This exhibition explores both the dissemination of Impressionism from its French roots into the American idiom and its reinterpretation of American landscape painting. Drawn from the Bank of America Collection, the more than 120 works in the exhibition by a diverse group of more than 75 artists, trace not only the development of Impressionism in the US, but also that of a truly American style of painting.
The works included, among others by Childe Hassam, George Inness, Thomas Moran, John Sloan, Ernest Lawson, are a reflection of the changing mindset of America from the mid-19th to the early 20th century.
In a New Light: American Impressionism 1870-1940 explores both the dissemination of Impressionism from its French roots to the American idiom and its reinterpretation of landscape painting. While the nation at large celebrated its centennial and reflected upon its past, American artists looked to Europe as a model for the future, reinterpreting and reevaluating the American tradition. Indeed, American artists of this period often sought training abroad, particularly in France, where they were exposed to plein air painting, or painting in the open air, and Impressionism. These artists would later translate the French genre into a uniquely American expression.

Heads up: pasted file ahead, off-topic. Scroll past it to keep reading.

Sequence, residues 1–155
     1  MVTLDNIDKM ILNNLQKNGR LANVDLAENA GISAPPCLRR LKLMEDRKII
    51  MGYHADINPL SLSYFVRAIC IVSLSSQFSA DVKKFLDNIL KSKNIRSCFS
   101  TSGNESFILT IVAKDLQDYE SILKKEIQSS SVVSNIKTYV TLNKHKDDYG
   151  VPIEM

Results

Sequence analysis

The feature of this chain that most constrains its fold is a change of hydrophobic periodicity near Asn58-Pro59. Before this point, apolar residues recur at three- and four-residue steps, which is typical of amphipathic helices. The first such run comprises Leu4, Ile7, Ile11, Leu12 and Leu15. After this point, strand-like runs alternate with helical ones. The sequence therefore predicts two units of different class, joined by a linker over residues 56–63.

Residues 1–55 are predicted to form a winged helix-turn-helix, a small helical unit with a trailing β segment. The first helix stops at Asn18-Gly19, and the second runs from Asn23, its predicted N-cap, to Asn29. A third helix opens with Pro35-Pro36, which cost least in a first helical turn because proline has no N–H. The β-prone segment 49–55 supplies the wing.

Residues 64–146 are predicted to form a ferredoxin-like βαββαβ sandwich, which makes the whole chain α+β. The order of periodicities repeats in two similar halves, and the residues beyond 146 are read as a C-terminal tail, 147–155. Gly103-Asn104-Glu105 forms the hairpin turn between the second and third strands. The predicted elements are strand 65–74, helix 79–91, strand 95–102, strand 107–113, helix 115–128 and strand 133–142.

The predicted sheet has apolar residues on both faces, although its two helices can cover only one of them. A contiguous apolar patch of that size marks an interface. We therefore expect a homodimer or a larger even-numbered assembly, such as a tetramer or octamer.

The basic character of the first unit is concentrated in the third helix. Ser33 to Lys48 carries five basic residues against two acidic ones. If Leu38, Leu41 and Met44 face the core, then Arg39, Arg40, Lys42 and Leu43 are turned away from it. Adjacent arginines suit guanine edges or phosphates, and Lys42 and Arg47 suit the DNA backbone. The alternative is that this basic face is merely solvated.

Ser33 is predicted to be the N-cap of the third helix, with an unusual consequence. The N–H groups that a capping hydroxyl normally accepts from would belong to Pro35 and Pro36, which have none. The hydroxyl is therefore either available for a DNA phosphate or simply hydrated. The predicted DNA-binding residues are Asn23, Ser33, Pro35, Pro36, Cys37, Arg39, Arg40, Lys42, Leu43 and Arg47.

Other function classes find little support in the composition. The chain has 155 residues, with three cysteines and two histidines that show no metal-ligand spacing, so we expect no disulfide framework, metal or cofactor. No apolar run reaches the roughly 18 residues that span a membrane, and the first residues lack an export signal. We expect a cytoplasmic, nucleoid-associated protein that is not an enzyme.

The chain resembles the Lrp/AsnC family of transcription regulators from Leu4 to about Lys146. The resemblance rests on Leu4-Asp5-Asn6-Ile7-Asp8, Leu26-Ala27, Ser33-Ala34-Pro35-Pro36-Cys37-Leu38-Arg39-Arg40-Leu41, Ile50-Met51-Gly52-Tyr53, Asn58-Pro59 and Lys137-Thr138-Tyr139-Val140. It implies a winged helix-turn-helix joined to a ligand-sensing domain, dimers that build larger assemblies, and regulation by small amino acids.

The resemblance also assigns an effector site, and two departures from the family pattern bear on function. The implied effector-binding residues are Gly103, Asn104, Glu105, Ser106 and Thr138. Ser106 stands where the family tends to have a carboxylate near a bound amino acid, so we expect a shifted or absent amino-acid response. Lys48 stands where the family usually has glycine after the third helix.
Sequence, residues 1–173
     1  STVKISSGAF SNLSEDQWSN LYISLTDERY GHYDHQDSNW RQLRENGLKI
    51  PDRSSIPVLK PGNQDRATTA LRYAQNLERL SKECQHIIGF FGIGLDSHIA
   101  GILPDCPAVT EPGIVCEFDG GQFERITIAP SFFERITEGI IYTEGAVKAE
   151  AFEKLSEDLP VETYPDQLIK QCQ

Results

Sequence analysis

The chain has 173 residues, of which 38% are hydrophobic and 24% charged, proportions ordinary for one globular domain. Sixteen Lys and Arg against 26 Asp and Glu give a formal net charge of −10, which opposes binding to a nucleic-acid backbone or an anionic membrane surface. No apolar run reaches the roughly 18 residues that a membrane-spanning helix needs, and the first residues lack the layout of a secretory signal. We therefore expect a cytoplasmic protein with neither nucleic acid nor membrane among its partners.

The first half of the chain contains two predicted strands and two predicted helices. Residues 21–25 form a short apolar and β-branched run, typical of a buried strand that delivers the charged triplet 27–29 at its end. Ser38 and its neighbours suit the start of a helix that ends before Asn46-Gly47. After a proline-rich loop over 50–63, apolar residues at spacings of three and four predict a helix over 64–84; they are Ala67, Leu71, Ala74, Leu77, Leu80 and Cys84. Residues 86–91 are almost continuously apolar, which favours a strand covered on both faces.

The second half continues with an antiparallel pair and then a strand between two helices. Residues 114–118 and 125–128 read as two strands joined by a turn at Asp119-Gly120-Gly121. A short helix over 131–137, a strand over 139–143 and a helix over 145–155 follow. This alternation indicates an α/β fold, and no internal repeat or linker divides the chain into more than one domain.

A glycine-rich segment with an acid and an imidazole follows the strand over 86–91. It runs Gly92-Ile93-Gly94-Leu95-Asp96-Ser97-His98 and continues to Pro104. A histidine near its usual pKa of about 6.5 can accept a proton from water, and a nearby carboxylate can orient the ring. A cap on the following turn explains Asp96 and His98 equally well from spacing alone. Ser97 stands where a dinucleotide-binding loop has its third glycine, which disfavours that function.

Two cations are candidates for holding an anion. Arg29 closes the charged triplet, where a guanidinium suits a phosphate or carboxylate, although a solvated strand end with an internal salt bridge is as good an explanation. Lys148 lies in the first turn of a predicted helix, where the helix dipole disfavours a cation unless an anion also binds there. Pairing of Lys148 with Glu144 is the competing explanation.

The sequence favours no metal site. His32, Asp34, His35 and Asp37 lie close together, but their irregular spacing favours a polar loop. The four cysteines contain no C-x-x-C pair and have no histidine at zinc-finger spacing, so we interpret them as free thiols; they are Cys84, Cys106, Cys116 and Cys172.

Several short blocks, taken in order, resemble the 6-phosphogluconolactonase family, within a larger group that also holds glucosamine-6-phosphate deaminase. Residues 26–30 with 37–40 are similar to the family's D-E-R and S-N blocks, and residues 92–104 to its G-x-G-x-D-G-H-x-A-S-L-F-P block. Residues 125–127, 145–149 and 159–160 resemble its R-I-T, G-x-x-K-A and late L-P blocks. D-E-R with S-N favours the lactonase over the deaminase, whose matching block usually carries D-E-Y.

The more than 100 paintings and works on paper in this exhibition are drawn entirely from the Bank of America Collection. This selection gives distinct insight into the changing nature of American art during the period. It traces not only artistic advances toward plein air painting and Impressionism in the US but also the development of American landscape painting, from the second generation of Hudson River School painters to the early-20th-century realists. Examples by such well-recognized painters as Childe Hassam will be found here alongside compelling works by lesser-known artists, such as Walter Schofield, who merit wider recognition as important figures during the era.
The exhibition is organized chronologically and begins with canvases by artists associated with the Hudson River School as well as the Boston painter William Morris Hunt, who is credited with bringing the Barbizon school to the attention of the American art world. It continues with paintings by such artists as George Inness, who found inspiration in the Barbizon aesthetic, as well as a related group of painters known as the Tonalists (Charles Warren Eaton, for example). In a New Light’s major focus, however, is on works by artists associated with American Impressionism, including Childe Hassam, Lilla Cabot Perry and John Enneking. On view are canvases by painters who belonged to some of America’s leading art colonies; many of these artists, such as Robert Spencer, employed Impressionist techniques. The exhibition also features paintings by those who experimented with Post-Impressionism, including a large-scale landscape by Birger Sandzén. Works by some of the most important 20th-century American realists (John Sloan, George Wesley Bellows and Gifford Beal) and canvases by members of the Taos Society of Artists (E. Martin Hennings, Joseph Henry Sharp and Oscar E. Berninghaus) provide sharp contrast to American Impressionism.
Credit: Exhibition overview from museum website.